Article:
I think of George Washington crossing the Delaware in the bitter cold of Winter. By his side were many soldiers whose bloodied feet were wrapped with cloth for lack of shoes. Many of these men's (just average hardworking farmers) enlistment period was over, but they believed in a cause, and pushed through what would be considered insurmountable odds.

I think of the brave men and women who fought in World War II. We have many of these veterans who attend our church, and their stories are amazing and inspiring. Just ordinary men who showed extraordinary courage. Have you ever imagined what life would have been like had they not stopped a monster named Adolph Hitler in his tracks?

I think of another war that was unpopular in it's time, Vietnam. I have several relatives who fought in this war. Many of the veterans of this war were treated with disrespect when they returned. They themselves may not have agreed with the war, but when their country sent them to fight, they put themselves on the line, just as their ancestors before them. They didn't dodge their responsibility.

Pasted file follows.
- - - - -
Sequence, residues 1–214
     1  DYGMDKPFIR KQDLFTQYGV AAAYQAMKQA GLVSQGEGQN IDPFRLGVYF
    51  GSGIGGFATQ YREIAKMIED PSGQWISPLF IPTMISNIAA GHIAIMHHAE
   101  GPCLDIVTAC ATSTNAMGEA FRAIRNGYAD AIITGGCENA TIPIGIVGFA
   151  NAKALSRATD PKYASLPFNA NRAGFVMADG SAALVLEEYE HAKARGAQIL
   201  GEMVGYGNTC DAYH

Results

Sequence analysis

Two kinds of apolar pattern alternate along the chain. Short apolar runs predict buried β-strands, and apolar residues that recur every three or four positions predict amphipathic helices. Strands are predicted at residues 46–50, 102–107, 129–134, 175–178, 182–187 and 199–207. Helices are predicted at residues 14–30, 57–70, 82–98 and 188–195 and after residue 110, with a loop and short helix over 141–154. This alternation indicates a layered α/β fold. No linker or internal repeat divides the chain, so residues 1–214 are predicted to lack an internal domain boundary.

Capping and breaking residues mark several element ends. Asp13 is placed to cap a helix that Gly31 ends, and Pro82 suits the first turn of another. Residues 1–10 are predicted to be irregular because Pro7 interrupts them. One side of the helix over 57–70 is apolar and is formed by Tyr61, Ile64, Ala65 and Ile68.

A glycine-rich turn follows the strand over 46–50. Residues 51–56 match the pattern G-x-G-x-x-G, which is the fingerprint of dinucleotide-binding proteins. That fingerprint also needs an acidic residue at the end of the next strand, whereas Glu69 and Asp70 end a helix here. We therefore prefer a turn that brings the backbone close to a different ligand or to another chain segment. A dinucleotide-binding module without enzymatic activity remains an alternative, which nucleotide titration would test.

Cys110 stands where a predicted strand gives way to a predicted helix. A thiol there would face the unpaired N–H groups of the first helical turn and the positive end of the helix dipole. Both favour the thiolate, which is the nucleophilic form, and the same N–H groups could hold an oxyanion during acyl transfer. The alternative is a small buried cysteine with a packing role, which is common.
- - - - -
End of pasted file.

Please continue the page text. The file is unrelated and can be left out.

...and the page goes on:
When I think of the many times throughout our history when soldiers have given their lives merely to assure during battle that our countries flag did not fall to the ground...tears fill my eyes. I don't say that lightly. These soldiers understood the symbolism of what that flag stood for. They had nothing to gain through their acts of courage, no knowledge that (in the case of this picture of Iwo Jima) they would be immortalized. They simply put their lives on the line for something that merited a true act of courage. I suppose those who feel no need to show our Countries flag respect would not be moved to tears by this image. Shame on them. That very freedom, to even show disrespect, was earned by the life's blood of others.

When I think of the nameless multitude of men and women that have given their lives to assure that the likes of Hitler, Mussolini, Saddam Hussein, and Osama Bin Laden would never take our shores, or succeed in their desire to crush our democracy, I am humbled.